Florence Parot: The limits of overworking – understanding peak performance

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Wellbeing Week 2015My own experience as a super-achiever who went into burnout at age 23 led me to question what it means to be successful; what it takes to “get there” and how we can achieve our goals without crashing and burning in the process.

For a company, it is crucial to be aware not only of the performance level of the staff but also of the physical, mental and emotional state of the individuals in the team.

A team of half-asleep zombies pretending to be productive but really just adding up long hours will take a company nowhere. Today, new solutions for the workplace and the individual are needed to achieve clear minds in alert bodies for ultimately stronger results.

It is essential for HR practitioners to be aware of the state of the individuals in the team, to know how to recognise the first signs of wear and tear and how to help. Consistently reaching high achievements over several years requires more than willpower or a “keep going” attitude. To be at the top of your game, you need strategies, techniques and knowledge of how you function at your best.

Peak performance

So, how does it work? Why is over-working not a good idea and when do we reach negative performance results? Many studies show that working more than 40 hours a week actually decreases productivity and that if you keep doing it for more than three or four weeks, your productivity then turns negative. Not to mention extreme exhaustion and potential burnout. The most recent research places the optimum somewhere between 30 and 60 hours of work per week, so quantity of work is a factor.

Quality, however, is where it counts. The widely-accepted YerkesDodson law (named after the two scientists who created it in 1908) says that the optimal level of stimulation for highest performance is moderate. At low levels of stimulation, the person is so disengaged and uninspired that performance flatlines; as stimulation picks up, performance strengthens, rising steadily to peak performance and as stimulation continues to intensify, performance drops off, descending rapidly.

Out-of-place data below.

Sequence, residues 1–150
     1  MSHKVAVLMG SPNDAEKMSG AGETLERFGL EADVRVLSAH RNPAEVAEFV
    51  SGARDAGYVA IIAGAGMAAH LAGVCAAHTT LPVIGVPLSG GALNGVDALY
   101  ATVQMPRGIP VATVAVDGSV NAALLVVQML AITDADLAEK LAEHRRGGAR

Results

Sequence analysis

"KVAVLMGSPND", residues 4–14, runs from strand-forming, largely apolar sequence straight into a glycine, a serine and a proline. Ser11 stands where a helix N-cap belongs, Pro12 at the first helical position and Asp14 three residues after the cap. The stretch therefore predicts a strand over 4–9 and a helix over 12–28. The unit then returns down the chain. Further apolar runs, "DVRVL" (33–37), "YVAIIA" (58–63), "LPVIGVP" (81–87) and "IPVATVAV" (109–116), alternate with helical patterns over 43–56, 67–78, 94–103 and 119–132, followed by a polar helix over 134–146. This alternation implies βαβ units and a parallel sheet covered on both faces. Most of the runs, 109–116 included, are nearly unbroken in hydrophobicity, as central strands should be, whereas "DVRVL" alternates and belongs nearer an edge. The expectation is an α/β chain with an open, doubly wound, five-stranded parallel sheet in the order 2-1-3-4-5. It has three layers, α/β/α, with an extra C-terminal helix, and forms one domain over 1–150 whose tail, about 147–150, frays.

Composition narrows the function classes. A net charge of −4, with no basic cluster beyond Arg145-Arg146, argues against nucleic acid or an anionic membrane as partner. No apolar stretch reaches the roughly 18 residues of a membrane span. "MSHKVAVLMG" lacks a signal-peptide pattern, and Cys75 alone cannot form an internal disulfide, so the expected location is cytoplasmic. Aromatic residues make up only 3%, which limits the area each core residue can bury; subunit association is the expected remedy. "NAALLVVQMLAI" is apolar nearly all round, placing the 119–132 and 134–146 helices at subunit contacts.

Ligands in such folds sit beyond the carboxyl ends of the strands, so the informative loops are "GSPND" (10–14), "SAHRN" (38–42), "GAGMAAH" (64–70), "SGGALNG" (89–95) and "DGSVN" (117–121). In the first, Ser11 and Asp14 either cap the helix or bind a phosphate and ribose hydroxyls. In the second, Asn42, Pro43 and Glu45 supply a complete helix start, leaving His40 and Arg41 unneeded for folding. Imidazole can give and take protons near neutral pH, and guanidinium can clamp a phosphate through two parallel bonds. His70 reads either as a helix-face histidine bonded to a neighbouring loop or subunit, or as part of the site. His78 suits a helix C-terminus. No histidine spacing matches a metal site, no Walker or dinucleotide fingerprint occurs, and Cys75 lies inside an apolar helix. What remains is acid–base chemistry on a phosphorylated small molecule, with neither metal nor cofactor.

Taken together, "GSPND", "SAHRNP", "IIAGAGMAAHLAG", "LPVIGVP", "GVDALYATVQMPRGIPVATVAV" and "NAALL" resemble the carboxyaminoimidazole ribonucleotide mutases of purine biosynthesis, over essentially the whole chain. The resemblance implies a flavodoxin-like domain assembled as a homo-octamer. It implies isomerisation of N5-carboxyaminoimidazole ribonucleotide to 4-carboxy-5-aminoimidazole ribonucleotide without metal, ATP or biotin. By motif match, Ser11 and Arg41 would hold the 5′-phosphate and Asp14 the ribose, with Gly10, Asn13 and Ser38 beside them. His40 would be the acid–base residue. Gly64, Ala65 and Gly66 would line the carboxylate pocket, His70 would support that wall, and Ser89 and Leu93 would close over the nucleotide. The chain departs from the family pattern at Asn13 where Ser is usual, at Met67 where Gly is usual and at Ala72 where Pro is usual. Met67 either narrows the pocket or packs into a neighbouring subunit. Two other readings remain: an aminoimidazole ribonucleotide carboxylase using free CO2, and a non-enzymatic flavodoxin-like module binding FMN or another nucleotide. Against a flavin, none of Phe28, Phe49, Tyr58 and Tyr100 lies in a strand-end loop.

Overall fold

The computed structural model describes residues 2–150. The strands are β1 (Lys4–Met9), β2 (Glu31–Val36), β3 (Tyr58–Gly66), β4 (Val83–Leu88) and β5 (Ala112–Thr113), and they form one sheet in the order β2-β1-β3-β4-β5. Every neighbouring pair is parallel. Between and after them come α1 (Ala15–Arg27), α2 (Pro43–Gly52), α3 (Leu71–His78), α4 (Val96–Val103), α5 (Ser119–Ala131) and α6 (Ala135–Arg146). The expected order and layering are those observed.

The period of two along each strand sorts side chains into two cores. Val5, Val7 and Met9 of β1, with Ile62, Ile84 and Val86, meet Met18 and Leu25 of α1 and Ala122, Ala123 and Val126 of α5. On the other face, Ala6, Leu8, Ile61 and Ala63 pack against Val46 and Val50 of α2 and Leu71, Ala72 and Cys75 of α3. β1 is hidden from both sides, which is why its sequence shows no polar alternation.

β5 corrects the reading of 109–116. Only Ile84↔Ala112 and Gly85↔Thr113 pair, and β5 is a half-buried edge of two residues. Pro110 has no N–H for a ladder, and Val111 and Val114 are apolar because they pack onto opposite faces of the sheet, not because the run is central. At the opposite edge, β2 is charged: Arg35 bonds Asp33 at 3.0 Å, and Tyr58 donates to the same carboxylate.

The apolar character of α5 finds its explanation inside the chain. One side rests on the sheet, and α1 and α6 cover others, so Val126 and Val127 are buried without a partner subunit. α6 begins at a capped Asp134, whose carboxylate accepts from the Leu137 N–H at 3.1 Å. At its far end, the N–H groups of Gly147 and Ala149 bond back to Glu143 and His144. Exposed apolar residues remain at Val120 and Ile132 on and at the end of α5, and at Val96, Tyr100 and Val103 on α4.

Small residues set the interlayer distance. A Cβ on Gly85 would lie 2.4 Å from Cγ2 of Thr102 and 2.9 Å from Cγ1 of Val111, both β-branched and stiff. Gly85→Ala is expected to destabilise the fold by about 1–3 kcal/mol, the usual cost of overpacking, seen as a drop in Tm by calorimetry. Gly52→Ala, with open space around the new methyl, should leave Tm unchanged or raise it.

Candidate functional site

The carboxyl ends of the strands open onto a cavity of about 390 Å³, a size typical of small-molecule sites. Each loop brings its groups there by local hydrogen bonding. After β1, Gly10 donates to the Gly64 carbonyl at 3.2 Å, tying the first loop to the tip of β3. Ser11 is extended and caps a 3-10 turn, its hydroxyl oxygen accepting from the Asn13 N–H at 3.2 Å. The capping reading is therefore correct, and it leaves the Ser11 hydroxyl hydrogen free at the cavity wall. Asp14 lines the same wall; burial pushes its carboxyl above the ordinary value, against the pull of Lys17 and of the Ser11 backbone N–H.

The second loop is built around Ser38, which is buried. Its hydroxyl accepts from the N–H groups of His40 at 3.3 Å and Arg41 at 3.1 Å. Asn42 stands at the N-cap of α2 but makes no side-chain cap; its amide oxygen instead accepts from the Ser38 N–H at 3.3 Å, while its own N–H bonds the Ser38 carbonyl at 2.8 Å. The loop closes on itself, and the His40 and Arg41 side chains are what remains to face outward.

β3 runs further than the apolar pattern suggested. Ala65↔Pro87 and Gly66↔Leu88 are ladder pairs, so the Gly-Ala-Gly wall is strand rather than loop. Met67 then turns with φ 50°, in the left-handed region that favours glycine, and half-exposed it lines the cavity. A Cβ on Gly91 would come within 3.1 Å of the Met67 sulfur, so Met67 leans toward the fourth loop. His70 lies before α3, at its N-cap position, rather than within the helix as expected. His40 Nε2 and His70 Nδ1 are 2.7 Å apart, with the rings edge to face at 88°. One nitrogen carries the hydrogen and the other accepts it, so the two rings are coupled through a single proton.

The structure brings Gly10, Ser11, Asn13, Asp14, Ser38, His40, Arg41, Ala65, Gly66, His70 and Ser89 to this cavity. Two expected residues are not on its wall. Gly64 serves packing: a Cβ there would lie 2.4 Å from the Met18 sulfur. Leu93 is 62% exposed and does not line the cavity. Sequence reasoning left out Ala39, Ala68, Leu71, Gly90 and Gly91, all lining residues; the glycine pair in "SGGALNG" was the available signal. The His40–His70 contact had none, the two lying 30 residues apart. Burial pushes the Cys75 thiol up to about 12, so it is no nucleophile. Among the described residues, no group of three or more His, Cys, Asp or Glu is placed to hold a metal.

At its most intense, the person is paralysed with stress: performance dies again. This shows that we need to be challenged, but not overwhelmed. At the top of performance, we are in a state of flow. In a nutshell, if there is too much going on (whether in quantity or quality) for too long we are likely to make the wrong decision, give up or crash.

Causes of fatigue

Other factors found inside and outside the organisation can also affect performance at work. These days, our attention tends to be more and more fragmented; not just because of the range of tasks we are trying to perform at once (multi-tasking is a myth, the brain cannot do it) but also because of our reliance on technology. While writing this, I have to nudge myself to close my email box and put my phone on silent.

Eliminating digital distractions is easier said than done, but may be essential for increased productivity. I know that my ability to focus and have a clear mind will be reinforced by these actions and hopefully help me produce a better article for you to read.

Disrupted sleep is also another unhelpful contributor to mental fatigue. Working without having slept enough is like working under the influence of alcohol; not something you would be likely to recommend to your team. Of course, stress and overworking can lead to difficulties sleeping and decreased productivity which in turn may generate more stress.

Breaking the cycle

A good start to breaking the cycle would be tracking performance. By measuring not only time but also perceived levels of stress, tension and wellbeing, levels of memory, attention span and best-performing times of the day we would get an interesting picture of the whole and unearth the individual’s main problem areas.

The practical elements can then be introduced from there. I currently work with a mindbody training technique for performance and wellbeing called Sophrology. Widely used on the continent, it is gaining strength in the UK. Related to the better-known mindfulness, it could be described as super-charged, super-fast mind-body meditation. The following techniques provide a simple introduction to Sophrology and its impact on productivity in the workplace.

  • Switch off for a few minutes every two hours: close your eyes, unclench your jaw, let your shoulders drop and breathe out loudly
  • Take a break before you become physically or mentally tired for a faster recovery
  • Slow down. Speed does not always mean efficiency but can lead to major mistakes

Remember, “inspiration cannot be found sitting in front of a desk 100 hours a week. The most successful people have come so far exactly because they possess the skill of being relaxed in the midst of hectic activity.“ (Winning without Losing, Martin Bjergegaard & Jordan Milne.)

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